This goal is really just a continuation of what I have already been doing for the past 9 years. My favorite pieces I’ve written at SOW are the ones based on experience and observation. While I read never-ending piles of background on the topics I cover, the ideas in them often only click when I find a way to go visit. For instance, in 2023 I read three books and dozens of reports about Hydro-Quebec, in the process learning about the political revolution that fueled the growth of a decarbonized electrical system in the 1960s. But while it’s one thing to read an academic account of the cultural significance of Hydro-Quebec, it’s another thing entirely to be immersed in a crowd of Quebecois singing a ballad about it.
I think the best piece I’ve written in this vein is Déneigement Montreal, a chronicle of the city’s complex snow removal operations. Montreal budgets nearly $180 million for snow removal annually, and employs 3,000 workers. Montreal doesn’t just plow snow – they cart it out of sight, and for one frigid morning, I followed these teams through the icy streets to gargantuan snow dumps. Standing at the bottom of Francon quarry, I watched trucks back up to a cliff and pour snow into 80-meter heaps. By the end of the season, the quarry stores about 4.8 million cubic meters of snow and ice. My guide, Philippe, remarked that the grandeur of the quarry always reminds him of Jurassic Park. Watching truck after truck fill up this massive pit, hidden in plain sight in suburban Montreal, the film’s soaring theme would have been an appropriate soundtrack.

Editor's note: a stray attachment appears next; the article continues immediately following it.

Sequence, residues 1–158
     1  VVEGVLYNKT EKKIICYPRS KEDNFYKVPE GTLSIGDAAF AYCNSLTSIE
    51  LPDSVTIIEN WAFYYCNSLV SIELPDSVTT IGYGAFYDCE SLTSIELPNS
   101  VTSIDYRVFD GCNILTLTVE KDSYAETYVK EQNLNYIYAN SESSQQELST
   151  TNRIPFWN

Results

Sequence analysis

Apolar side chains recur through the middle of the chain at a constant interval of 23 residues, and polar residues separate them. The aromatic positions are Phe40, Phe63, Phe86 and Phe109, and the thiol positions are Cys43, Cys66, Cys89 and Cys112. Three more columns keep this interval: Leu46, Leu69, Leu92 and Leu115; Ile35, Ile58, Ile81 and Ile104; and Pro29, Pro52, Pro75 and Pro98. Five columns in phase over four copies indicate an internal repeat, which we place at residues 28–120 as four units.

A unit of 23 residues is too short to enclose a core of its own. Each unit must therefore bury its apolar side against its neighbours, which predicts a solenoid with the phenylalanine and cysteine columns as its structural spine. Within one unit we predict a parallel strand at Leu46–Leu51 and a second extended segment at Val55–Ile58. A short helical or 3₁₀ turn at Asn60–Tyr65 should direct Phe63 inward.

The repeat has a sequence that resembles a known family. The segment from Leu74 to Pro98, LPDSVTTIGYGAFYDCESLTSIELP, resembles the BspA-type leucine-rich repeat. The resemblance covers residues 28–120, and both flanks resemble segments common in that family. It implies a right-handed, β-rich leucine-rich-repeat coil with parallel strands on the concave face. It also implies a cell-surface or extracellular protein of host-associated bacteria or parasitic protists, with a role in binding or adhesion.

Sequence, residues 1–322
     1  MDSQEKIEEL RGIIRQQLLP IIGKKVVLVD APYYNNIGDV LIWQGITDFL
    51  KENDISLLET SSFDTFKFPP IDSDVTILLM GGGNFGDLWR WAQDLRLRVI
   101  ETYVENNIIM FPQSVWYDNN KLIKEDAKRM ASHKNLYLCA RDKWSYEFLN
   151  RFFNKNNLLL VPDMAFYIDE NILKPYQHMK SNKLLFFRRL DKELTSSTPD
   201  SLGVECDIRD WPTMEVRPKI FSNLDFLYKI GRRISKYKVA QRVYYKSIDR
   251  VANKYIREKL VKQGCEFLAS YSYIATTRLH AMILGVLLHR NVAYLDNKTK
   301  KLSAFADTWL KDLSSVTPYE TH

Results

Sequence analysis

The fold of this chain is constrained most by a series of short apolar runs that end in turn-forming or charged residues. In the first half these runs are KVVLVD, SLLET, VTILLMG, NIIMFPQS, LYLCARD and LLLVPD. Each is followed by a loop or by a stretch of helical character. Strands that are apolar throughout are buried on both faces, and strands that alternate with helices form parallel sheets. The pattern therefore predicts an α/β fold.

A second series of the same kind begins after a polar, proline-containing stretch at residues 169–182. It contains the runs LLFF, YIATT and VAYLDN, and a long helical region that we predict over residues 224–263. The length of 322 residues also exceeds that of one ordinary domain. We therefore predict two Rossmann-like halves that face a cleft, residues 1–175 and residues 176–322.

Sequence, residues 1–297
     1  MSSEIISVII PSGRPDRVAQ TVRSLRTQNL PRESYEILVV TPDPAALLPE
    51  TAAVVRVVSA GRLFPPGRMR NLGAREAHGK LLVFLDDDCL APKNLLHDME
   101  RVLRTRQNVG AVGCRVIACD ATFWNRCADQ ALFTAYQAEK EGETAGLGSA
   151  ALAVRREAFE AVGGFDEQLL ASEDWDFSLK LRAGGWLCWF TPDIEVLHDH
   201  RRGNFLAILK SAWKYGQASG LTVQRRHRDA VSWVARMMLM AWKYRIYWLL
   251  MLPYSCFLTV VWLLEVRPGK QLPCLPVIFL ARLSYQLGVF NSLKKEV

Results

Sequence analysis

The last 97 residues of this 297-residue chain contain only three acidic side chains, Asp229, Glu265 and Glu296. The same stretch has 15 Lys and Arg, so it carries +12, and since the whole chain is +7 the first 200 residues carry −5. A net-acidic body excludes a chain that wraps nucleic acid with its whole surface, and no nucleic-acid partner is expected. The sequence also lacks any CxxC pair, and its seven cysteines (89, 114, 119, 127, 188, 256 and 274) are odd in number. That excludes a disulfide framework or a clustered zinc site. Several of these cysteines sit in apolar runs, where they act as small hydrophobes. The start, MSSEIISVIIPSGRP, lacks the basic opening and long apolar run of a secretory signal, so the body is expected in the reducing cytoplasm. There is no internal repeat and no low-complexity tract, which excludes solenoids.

What I like so much about the snow piece is that I got a window into the work lives of the people who are integral to this hidden system. My job is to interpret what is happening, chronicle it, and make sense of it so I can share with you the details of how a small portion of the world works. And it is a joy to invite you behind the scenes alongside me.
So, you’re invited to learn about Panama with me next year. I’ll be visiting in February, ostensibly on a vacation to see my in-laws. But instead of researching beaches, I’ve just been reading about the canal, chatting with the Panama Canal Authority, and scheming on how I might transit from ocean to ocean in a container ship. I’ve decided to add a week to the trip for research, reporting on the sights, sounds, and complexities of modern-day canal operations. It’s exciting – an adventure waiting to be lived, made sense of, and chronicled here in Scope of Work.